Editors' ChoiceImmunology

Delineating a Pathogen Response Pathway in Drosophila

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Science's STKE  01 Feb 2005:
Vol. 2005, Issue 269, pp. tw44
DOI: 10.1126/stke.2692005tw44

Host organisms initiate a defense response to bacterial infection through innate immune receptors that recognize microbial molecules. In Drosophila, a transmembrane protein of the peptidoglycan-recognition protein family called PGRP-LC responds to certain microbial peptides by initiating a signaling cascade that activates genes with antibacterial action. Although genetic analysis suggests that the pathway involves the death-domain protein Imd and Relish, a transcription factor of the NF-κB family, molecular details of the cascade have not been determined. By expressing PGRP-LC in cultured Drosophila cells, Choe et al. found that the receptor requires its membrane-proximal cytoplasmic region either to homodimerize or to form heterodimers with other receptor isoforms. Expression of PGRP-LC and Imd deletion mutants revealed interaction between the receptor cytoplasmic tail and the N terminus of Imd, although the interaction may not be direct. The pathway appears similar to a signaling pathway initiated by mammalian Toll-like receptors that likewise function in pathogen recognition and also form a complex with the death-domain protein MyD88 to activate an IκB kinase complex.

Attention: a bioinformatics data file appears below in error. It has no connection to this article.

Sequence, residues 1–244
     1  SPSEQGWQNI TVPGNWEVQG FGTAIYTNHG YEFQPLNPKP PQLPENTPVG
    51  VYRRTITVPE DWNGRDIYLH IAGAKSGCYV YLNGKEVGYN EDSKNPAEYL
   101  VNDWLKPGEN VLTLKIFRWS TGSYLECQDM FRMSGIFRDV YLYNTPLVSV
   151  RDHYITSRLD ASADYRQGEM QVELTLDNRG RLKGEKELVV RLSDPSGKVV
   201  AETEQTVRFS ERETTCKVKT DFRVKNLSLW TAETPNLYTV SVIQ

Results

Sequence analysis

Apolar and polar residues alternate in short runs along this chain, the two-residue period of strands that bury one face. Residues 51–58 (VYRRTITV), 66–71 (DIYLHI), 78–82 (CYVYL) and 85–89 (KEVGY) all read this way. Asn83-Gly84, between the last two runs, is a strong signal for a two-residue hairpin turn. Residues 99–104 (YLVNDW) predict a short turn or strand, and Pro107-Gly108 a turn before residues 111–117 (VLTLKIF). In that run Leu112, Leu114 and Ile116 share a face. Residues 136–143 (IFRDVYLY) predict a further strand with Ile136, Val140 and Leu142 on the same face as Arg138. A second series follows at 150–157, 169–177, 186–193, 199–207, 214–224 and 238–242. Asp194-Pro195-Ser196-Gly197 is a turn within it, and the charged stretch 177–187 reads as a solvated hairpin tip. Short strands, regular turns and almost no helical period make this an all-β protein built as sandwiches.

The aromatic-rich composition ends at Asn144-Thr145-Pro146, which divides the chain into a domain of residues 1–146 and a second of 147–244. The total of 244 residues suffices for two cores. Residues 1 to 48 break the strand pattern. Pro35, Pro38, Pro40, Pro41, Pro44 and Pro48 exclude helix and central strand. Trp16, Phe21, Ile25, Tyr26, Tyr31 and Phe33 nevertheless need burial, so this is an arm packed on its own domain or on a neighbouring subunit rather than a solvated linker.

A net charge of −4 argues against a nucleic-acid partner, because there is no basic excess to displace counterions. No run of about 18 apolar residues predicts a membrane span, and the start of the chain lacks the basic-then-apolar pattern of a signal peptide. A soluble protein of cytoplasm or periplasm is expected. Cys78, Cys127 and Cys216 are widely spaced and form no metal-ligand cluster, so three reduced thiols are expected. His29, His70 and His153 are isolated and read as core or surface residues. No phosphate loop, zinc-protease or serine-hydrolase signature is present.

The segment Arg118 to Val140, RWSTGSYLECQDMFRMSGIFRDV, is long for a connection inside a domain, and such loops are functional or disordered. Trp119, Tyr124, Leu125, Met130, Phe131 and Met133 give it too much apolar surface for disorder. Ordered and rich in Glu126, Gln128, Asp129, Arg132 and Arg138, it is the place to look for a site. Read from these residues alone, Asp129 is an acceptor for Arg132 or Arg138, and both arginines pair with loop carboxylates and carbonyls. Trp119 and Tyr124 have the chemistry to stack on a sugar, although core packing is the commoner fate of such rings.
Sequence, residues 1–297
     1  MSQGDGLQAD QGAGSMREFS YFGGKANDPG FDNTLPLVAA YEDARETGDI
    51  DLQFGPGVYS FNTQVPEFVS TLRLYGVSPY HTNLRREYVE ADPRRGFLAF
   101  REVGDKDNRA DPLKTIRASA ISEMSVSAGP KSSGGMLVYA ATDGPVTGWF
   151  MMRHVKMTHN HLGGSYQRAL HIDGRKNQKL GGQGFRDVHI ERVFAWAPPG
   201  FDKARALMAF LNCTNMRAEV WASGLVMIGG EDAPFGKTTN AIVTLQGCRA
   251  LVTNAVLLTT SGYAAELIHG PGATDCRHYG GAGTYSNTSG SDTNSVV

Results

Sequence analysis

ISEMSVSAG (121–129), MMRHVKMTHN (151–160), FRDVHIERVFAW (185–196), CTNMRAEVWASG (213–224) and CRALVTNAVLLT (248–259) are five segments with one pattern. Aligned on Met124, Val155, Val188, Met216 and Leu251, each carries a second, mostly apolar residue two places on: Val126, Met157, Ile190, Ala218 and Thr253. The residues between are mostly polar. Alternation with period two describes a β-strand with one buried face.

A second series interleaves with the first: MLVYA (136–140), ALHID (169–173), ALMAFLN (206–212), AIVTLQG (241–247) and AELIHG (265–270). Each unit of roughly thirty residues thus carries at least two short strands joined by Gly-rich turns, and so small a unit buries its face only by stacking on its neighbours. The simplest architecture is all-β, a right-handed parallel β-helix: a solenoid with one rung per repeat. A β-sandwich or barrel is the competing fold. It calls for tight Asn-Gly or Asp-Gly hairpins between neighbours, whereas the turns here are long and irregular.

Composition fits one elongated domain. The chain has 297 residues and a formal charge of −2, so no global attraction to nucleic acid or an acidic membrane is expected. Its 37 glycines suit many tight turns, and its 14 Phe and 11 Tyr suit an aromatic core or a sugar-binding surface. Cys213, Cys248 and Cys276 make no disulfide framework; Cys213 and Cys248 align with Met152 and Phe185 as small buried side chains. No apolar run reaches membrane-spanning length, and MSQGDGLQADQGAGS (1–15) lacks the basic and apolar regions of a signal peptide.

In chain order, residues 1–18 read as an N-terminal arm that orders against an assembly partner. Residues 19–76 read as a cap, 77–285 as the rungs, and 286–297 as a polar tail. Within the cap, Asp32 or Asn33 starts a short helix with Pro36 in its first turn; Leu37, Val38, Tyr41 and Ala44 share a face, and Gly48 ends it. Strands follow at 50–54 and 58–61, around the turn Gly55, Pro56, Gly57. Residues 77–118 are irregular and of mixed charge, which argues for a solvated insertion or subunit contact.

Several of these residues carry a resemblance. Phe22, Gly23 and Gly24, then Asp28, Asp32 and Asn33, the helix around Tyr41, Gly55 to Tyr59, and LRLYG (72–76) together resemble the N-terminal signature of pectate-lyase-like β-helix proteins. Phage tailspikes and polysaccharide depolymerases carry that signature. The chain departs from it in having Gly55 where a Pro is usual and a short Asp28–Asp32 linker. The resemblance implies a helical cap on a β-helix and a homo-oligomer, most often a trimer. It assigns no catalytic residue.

K.-M. Choe, H. Lee, K. V. Anderson, Drosophila peptidoglycan recognition protein LC (PGRP-LC) acts as a signal-transducing innate immune receptor. Proc. Natl. Acad. Sci. U.S.A. 102, 1122-1126 (2005). [Abstract] [Full Text]

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